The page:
If you travel through Northeast Ohio, take the time to get off the turnpikes and interstates to travel through towns like Burton, Mesopotamia, or Hudson. You’ll notice that they, along with many other hamlets, have a decided New England feel to them in their early architecture and the way they are organized around a common green, or open space.
That’s because that area was known as Connecticut’s Western Reserve, dating back to a royal charter in 1662 that awarded Connecticut a claim from “sea-to-sea.” Over the decades, New York and Pennsylvania took some of the land, and by 1786 Connecticut’s Western Reserve was reduced to a strip of land 120 miles long, about 3 million acres, from the Pennsylvania border to Sandusky Bay on Lake Erie. The southern and northern boundaries were established by Connecticut’s borders.
In 1795 Connecticut sold most of the land to the Connecticut Land Company for $1.2 million. One of the company directors was named Moses Cleaveland. You’ve heard that name before, except without the first “a.” Cleaveland negotiated a treaty with native people to acquire Western Reserve land east of the Cuyahoga River. Land company surveyors laid out five-mile-square townships, creating the grid system now so familiar in the Midwest.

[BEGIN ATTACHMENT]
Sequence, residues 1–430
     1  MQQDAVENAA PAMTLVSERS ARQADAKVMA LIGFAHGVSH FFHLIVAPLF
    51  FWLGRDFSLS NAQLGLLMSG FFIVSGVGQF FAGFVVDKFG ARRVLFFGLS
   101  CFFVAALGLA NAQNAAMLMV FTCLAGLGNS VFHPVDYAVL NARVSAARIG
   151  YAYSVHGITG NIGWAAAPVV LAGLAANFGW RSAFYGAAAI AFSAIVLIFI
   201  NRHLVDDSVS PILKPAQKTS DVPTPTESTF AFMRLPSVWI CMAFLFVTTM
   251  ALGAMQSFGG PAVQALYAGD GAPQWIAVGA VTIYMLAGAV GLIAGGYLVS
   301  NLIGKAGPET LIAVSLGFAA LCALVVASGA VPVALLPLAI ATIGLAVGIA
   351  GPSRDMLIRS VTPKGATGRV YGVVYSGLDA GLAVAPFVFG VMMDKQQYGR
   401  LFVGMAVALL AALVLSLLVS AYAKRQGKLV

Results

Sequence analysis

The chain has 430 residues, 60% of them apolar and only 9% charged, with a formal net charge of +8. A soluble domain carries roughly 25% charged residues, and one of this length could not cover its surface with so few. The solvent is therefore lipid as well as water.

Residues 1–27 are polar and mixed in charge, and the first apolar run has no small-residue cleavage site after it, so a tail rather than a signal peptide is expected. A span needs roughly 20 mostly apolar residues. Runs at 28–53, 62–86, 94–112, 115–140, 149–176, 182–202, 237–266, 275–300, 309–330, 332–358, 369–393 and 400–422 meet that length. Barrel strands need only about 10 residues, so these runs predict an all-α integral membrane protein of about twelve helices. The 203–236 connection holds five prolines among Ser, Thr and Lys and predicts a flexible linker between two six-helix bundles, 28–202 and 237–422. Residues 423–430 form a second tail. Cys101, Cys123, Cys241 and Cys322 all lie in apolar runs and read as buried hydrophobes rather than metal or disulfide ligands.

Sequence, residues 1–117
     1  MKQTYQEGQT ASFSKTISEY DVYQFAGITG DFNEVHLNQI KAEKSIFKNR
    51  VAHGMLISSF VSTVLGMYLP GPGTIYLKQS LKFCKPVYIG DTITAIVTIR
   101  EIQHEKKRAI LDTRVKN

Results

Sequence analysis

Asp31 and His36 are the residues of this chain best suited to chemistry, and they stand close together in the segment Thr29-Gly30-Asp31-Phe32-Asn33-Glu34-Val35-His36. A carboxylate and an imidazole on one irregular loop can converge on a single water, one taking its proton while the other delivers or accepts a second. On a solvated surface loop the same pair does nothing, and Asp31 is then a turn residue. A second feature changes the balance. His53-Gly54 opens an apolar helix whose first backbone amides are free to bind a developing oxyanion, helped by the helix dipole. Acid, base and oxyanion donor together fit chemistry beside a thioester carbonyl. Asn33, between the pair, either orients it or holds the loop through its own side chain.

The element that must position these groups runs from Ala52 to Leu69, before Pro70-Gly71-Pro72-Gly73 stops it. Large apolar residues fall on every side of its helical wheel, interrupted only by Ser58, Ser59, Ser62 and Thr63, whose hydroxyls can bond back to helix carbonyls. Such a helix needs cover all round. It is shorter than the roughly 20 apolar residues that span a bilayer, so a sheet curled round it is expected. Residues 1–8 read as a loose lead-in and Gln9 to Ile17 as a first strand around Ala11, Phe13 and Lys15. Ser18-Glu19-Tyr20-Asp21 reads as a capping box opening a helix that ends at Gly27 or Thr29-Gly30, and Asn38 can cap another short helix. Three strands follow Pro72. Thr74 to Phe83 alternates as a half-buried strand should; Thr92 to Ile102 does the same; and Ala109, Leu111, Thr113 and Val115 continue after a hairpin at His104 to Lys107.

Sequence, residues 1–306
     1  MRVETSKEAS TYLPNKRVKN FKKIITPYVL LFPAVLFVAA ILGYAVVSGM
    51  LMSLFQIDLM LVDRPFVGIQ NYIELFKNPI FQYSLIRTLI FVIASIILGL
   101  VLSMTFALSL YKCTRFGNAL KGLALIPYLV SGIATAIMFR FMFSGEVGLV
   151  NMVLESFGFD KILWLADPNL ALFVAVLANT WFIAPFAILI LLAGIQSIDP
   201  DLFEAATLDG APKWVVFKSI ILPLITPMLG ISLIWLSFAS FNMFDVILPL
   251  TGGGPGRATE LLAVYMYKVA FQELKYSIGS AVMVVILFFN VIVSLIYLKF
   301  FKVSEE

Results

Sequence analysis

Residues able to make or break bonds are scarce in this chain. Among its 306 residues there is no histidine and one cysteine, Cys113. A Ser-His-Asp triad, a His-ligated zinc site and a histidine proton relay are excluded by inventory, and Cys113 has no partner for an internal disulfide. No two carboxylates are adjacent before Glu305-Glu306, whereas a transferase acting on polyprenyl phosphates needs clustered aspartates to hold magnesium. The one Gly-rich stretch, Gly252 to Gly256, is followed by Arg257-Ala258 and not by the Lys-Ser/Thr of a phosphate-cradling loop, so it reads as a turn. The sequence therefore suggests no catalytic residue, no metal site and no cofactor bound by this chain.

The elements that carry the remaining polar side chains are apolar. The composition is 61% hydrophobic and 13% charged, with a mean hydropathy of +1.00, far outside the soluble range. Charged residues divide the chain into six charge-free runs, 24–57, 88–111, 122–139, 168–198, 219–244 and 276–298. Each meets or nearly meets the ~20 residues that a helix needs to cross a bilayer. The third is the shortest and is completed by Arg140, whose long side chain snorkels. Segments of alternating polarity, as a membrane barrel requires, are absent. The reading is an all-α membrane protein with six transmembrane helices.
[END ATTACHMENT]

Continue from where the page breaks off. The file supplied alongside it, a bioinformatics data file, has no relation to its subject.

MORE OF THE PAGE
Connecticut held on to the far western edge of the Reserve, 500,000 acres known as the “Firelands,” to compensate families that had suffered loss from British raids during the Revolutionary War.
In 1800, Connecticut ceded its claims to the region, and the area became part of the Northwest Territory, and eventually Ohio when it became a state in 1803. But by then, New England settlers had moved to the region and given it a different feel from the rest of the state. Hale Farm and Village, a re-created Western Reserve settlement in Bath, Ohio, preserves and interprets the region’s distinctive culture and architecture.
This story appeared in the 2024 Winter issue of American History magazine.
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